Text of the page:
Is the European Commission about to crack down on an effective method to quit smoking?
Christopher Snowdon, Head of Lifestyle Economics at the Institute of Economic Affairs, examines a recent EU report on vaping. While vaping is being embraced by the NHS as an effective method to help smokers give up cigarettes, the EU’s SCHEER committee report takes a prohibitionist approach which could deprive smokers of a proven means to quit.
This article was originally published by Brussels Report, and is reproduced with the kind permission of its editor and the author.
At the end of last month, the EU’s ‘Scientific Committee on Health, Environmental and Emerging Risks’ (SCHEER) published its opinion on electronic cigarettes. Its findings could give the green light to further attempts by the European Commission to stamp out vaping. This contrasts with Britain’s National Health Service at the same time announcing plans to offer free e-cigarettes to smokers in emergency departments.
When SCHEER’s preliminary opinion was published last September, many experts were surprised by the negative tone.
Hypothetical risks were amplified while stronger evidence showing the benefits of e-cigarettes in smoking cessation was downplayed. Similar evidence reviews from agencies such as Public Health England and the U.S. National Academies of Sciences, Engineering, and Medicine have drawn from a wider evidence base and given a more balanced assessment.
In response to criticism, the EU’s SCHEER committee has modified its position somewhat. It has downgraded its interpretation of the evidence that e-cigarettes are a ‘gateway’ to smoking and are a risk factor for cardiovascular problems from ‘strong’ to ‘moderate’, but it maintains that ‘passive vaping’ is a plausible health risk and concludes that ‘electronic cigarettes should only be considered to support smoking cessation for a limited time and under supervision’.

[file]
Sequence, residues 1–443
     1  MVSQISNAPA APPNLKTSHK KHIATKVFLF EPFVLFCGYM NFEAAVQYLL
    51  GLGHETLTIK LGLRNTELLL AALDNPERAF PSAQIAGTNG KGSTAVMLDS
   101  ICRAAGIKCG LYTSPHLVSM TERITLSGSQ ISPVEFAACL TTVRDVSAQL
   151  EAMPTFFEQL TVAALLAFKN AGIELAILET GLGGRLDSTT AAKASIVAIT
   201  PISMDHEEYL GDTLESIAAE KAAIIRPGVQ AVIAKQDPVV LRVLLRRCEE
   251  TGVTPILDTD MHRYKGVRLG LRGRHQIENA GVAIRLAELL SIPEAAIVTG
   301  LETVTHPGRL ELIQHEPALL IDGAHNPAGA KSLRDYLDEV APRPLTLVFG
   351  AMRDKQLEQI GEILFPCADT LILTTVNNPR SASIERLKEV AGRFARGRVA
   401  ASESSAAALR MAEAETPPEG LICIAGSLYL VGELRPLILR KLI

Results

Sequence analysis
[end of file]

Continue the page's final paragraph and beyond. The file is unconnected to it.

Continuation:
With this recommendation, SCHEER goes beyond its remit of assessing the effects of vaping on the human body and embroils itself in policy.
The EU’s SCHEER Committee downplays how vaping helps people to quite smoking
In science, the strongest evidence comes from randomised controlled trials (RCTs). Several RCTs have shown that smokers are significantly more likely to quit if they switch to vaping, but SCHEER gives them short shrift.
More evidence has been published since September confirming e-cigarettes’ effectiveness in smoking cessation, but while the SCHEER committee acknowledges this research in its final opinion, it continues to insist that the evidence is ‘weak’. This is a baffling conclusion, especially when the committee interprets objectively weaker (non-RCT) evidence for various health risks as ‘moderate’.
No one claims that e-cigarettes are completely risk-free and even the SCHEER report does not deny that they are far less harmful that smoked tobacco. Vaping products contain nicotine, which is known to have a modest effect on the cardiovascular system similar to caffeine and certain foods, but there is no evidence that this poses a significant health threat to vapers, let alone to bystanders. As the SCHEER report notes, the most common respiratory problem associated with vaping is mouth and throat irritation which dissipates over time. These are the kind of small risks that individuals are prepared to tolerate if they enjoy using a product, particularly if the alternative is smoking.